The secret ingredient that makes some teams better than others.
It trumps ideas, discounts, excellence in delivery, even ROI and more.
It’s called TRUST. Trust is however difficult to build and it becomes even more difficult now with the explosion of social networks.
I was mentioning in one of my previous articles my belief that while for the manager it is not easy to trust, for the employees with most potential, it is by far the highest form of motivation. It increases speed and decreases cost.
Why is trust so essential and how it can increase speed?
For one, if you are trusting your team to do certain things on their own or with slight monitoring only, then you can concentrate on other things which are maybe more crucial. Like building more verticals or focus on a new initiative… Makes sense?
Another reason why trust is crucial is that it encourages collaboration, facilitates open dialogue and allows team members to share their opinions, innovative ideas and questions they might have.
It also helps to increase productivity. Productivity in a team requires setting aside personal goals and motives and working together for the common goal of the team. When each believes in the commitment of every member to the common goal, then only the team is free to work together productively.
Lets face one thing. Everyone makes mistakes, we all did and will continue to make them. If we however decide to let go of a team member it is only because of lack/losing trust. Trust in his/her character (most important) and trust in his/her skills.
We had a team building exercise the other day in the office and we were supposed to try and built the tallest building out of plain paper. Time was limited, about 5 minutes, and all other teams seemed pretty strong and with well defined strategies.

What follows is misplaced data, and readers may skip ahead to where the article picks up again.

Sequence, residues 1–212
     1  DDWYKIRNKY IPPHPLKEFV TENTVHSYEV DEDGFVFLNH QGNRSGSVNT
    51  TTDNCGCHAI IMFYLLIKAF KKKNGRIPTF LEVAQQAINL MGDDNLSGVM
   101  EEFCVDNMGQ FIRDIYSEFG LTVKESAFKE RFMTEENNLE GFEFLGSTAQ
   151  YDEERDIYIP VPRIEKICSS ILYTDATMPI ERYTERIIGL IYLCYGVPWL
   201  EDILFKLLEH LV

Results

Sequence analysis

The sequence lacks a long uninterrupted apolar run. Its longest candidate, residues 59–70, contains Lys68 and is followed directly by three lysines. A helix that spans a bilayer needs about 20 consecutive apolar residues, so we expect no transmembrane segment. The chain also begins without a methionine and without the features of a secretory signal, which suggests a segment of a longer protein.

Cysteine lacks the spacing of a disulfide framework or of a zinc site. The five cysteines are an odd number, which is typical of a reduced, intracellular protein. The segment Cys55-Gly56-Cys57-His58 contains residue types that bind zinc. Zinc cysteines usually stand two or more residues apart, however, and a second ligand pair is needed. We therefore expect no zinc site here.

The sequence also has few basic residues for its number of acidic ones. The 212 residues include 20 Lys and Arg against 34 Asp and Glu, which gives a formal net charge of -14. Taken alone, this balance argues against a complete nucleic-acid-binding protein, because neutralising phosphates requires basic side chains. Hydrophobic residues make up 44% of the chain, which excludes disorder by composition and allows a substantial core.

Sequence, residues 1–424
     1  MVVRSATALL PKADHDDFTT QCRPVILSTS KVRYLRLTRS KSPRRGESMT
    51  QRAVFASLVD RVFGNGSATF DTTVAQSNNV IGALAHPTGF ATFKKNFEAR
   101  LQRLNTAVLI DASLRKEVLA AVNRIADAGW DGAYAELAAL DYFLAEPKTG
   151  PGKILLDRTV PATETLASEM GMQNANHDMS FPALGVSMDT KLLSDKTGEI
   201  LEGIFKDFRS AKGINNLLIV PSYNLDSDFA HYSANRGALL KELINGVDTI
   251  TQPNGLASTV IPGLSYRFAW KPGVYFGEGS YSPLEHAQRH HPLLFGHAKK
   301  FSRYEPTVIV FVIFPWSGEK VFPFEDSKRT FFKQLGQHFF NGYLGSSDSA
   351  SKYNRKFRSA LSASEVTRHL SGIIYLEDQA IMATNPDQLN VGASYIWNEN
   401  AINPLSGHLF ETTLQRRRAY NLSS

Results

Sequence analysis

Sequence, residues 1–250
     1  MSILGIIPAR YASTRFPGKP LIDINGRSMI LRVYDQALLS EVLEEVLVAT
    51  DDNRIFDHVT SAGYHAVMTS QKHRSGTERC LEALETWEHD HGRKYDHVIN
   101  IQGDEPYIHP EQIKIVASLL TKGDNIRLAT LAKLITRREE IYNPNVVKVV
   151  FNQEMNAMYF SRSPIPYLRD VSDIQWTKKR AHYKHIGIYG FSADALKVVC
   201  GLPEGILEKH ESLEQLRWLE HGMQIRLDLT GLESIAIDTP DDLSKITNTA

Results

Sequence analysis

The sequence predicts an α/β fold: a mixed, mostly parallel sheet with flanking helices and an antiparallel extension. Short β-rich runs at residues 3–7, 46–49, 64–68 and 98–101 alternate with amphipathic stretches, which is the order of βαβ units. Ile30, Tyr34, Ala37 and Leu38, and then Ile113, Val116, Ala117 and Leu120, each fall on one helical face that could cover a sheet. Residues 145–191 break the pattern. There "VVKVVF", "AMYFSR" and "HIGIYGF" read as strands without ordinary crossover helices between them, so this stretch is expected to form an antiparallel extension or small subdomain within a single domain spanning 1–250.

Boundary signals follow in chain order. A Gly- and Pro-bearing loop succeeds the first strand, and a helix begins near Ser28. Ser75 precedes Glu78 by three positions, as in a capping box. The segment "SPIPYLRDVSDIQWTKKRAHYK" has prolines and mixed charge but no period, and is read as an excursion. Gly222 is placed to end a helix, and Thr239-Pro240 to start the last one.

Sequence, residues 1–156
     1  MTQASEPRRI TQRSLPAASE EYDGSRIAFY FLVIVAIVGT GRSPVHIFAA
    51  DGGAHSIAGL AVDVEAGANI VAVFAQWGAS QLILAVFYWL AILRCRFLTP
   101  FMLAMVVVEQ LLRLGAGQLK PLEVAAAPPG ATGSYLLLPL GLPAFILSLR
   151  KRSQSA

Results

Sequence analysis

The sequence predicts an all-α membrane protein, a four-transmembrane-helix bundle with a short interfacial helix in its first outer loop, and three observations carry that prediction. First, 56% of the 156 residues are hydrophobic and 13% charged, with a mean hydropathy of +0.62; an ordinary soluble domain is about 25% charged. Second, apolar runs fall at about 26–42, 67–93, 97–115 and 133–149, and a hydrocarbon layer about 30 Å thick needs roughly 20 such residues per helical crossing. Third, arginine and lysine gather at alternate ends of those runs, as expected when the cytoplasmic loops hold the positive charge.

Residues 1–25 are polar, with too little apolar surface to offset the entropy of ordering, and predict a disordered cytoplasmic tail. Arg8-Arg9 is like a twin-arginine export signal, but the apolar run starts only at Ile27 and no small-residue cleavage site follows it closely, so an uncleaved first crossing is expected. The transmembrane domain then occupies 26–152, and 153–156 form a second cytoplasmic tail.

I started concentrating on building a strong structure and looked at the rest of the team, and especially at one particular individual and said, “you go ahead and concentrate on building it as high as possible”.
Both structure and height were essential, however, I chose to trust the rest of the team to deliver on height.
Once we finished the competition, we realized we won and were asked to give one reason why our “building” ended up being the tallest and strongest.
There was one main reason that set us apart from the other teams: “trust”. We trusted each other to deliver on our respective KPIs.
How to build trust in a team?
Rule no 1: We go first. As the team leaders we should be the ones to first model the behavior. (meaning we start trusting others)
Rule no 2: We start with the hiring interview itself. We ask ourselves “do I trust this person’s character?” If there is a slight doubt, we stop the interview and continue the search. Always remember that while we can teach skills it’s almost impossible to change characters.
Rule No 3. Communicate vision and values of the company to the team, be transparent, encourage the same in the team. We need to get everyone on the team to share information in an honest, meaningful way
Rule no 4: We have one on ones with each team member. Get to understand what are their career goals and how we can help them achieve the same. This will also help identifying each member’s strengths and weaknesses.
Rule no 5: We do weekly review meetings with the entire team where we listen, discuss milestones, status and ideas
Rule no 6: We concentrate on problems and how to solve them rather than personalities
Rule no 7: We give ongoing, useful feedback, so that everyone is aware where we stand
Rule no 8: We ask the hard questions to build and protect the team and company.
Like with all other precious things in life, trust is an expensive gift…chose carefully who you give it to.
Author: Adriana Usvat